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Ngrams and CAM

Ngram is a Google analytic tool/way to waste lots of time on the internet, a byproduct of Google’s scanning millions of books into its database. In a matter of seconds, Ngram scans words from about 7.5 million books, an estimated 6 percent of all books ever published. Type a word or phrase in the Ngram Viewer search box and in seconds a chart of its yearly frequency will appear. You can also search for a series of words or phrases and the Viewer will provide a color-coded chart comparing frequency of use. More sophisticated searches (e.g., making the search case sensitive, or not) are also possible.

As explained in the New York Times, researchers “have used this system to analyze centuries of word use, examining the spread of scientific concepts, technological innovations, political repression, and even celebrity fame.” Erez Aiden, a computer scientist who helped create the word frequency tool, says he and his co-researcher, Jean-Baptiste Michel, wanted “to create a scientific measuring instrument, something like a telescope, but instead of pointing it at a star, you point it at human culture.” In fact, the title of their new book is Uncharted: Big Data as a Lens on Human Culture. Still, they caution that, like other scientific tools, Ngram’s results can be misinterpreted. An example: the fax machine. If you query that term, it looks as if the fax appears almost instantaneously in the 1980s. In reality, the machine was invented in the 1840s but was then called the “telefax.”

If Ngram can search for scientific concepts, how about unscientific concepts? What might a search of unscientific concepts tell us about our human culture? Let’s find out. (more…)

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Facebook’s reporting algorithm abused by antivaccinationists to silence pro-science advocates

This is not what I had wanted to write about for my first post of 2014, but unfortunately it’s necessary—so much so, in fact, that I felt the obligation to crosspost both here and on my not-so-super-secret other blog in order to get this information out to as wide a readership as possible.

I’ve always had a bit of a love-hate relationship with Facebook. On the one hand, I like how easily it lets me stay in contact with family and friends across the country, people whom I would rarely see more than once or twice a year, if even that. On the other hand, I have the same privacy concerns that many other people have with respect to putting personal information, as well as pictures and videos of myself, family, and friends, onto Facebook. Now that I’ve become a (sort of) public figure (or, as I like to refer to myself, a micro-celebrity), I’ve thought that I should cull my friends list to just real friends with whom I have a connection (or at least have met in person or had private e-mail exchanges with) and set up a Facebook page for my public persona, to prevent people whom I don’t know or barely know from divebombing my wall with arguments. As I tell people, I don’t want obnoxious arguments on my Facebook wall; that’s what my blogs are for.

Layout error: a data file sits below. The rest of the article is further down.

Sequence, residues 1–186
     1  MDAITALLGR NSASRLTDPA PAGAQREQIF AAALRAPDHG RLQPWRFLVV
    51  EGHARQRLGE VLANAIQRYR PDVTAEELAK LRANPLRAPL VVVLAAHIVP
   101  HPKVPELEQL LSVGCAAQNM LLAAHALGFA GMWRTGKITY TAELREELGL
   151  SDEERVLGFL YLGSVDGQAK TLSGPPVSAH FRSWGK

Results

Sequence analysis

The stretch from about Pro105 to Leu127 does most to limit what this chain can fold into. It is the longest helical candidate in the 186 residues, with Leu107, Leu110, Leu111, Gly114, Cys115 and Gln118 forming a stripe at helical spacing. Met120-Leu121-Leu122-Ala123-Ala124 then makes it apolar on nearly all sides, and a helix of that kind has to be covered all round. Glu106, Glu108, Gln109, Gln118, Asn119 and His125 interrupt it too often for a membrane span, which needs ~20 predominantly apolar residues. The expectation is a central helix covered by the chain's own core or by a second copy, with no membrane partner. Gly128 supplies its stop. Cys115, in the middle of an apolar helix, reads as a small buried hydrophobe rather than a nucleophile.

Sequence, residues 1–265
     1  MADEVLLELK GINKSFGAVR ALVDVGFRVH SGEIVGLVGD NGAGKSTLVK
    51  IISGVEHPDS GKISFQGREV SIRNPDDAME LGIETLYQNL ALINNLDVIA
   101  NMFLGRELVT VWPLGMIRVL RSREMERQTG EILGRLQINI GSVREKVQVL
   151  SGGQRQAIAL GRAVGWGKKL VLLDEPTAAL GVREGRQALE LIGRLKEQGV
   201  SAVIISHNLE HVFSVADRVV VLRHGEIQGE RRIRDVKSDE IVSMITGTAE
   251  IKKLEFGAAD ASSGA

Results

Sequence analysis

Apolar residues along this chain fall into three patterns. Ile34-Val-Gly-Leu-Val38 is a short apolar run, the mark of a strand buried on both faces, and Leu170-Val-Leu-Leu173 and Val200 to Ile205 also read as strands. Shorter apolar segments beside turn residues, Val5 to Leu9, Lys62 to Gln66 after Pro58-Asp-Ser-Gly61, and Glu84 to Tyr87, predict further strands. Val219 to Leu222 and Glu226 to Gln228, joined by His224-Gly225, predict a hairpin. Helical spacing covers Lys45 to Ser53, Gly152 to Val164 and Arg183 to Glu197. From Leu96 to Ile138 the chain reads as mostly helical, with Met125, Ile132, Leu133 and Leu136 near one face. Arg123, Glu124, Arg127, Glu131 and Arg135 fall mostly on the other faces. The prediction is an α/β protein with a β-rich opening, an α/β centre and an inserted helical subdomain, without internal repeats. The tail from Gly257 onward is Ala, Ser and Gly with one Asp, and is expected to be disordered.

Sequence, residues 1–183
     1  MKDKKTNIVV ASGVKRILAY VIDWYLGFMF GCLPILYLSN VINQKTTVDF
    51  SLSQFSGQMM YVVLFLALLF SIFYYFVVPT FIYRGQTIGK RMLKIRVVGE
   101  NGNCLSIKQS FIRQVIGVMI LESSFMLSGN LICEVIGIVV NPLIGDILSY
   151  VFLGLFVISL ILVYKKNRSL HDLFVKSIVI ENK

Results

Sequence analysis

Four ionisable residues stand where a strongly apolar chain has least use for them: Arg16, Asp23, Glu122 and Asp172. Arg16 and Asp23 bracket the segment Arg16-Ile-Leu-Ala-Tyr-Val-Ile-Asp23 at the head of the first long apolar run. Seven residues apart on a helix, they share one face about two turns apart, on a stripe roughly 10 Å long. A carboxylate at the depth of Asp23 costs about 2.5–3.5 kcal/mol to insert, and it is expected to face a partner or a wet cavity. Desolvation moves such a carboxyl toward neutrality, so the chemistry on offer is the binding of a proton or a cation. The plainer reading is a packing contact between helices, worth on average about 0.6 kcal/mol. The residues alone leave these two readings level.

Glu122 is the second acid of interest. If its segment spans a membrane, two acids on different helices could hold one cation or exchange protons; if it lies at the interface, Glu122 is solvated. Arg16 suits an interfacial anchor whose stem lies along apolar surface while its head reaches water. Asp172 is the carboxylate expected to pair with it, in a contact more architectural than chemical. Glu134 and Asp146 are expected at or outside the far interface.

My personal social media preferences aside, Facebook does indeed have many shortcomings, but until something else comes along and steals the same cachet (which is already happening as teens flee Facebook to avoid their parents) and even after, Facebook will remain a major player in social media. That’s why its policies matter. They can matter a lot. I was reminded of this about a week ago when Dorit Reiss (who has of late been the new favored target of the antivaccine movement, likely because she is a lawyer and has been very effective thus far in her young online career opposing the antivaccine movement) published a post entitled Abusing the Algorithm: Using Facebook Reporting to Censor Debate. Because I also pay attention to some Facebook groups designed to counter the antivaccine movement I had already heard a little bit about the problem, but Reiss laid it out in stark detail. Basically, the merry band of antivaccinationists at the Australian Vaccination Network (soon to be renamed because its name is so obviously deceptive, given that it is the most prominent antivaccine group in Australia, that the NSW Department of Fair Trading ordered the anti-vaccine group to change its misleading name) has discovered a quirk in the algorithm Facebook uses to process harassment complaints against users and abused that quirk relentlessly to silence its opponents on Facebook.

I’ll let Reiss explain:

Over the weekend of December 21-22, an unknown person or persons used a new tactic, directed mainly at members of the Australian organization “Stop the Australian Vaccination Network” (The Australian Vaccination Network – AVN – is, in spite of its name, an anti-vaccine organization – see also here; SAVN had been very effective in exposing their agenda and mobilizing against them). In an attempt to silence pro-vaccine voices on Facebook, they went back over old posts and reported for harassment any comment that mentioned one person’s name specifically. Under Facebook’s algorithm, apparently, mentioning someone’s name means that if the comment is reported it can be seen as violating community standards. Which is particularly ironic, since many commentators, when replying to questions or comments from an individual, would use that individual’s name out of courtesy.

Several of the people so reported received 12-hours bans. Some of them in succession.

(more…)

Posted in: Computers & Internet, Public Health, Vaccines

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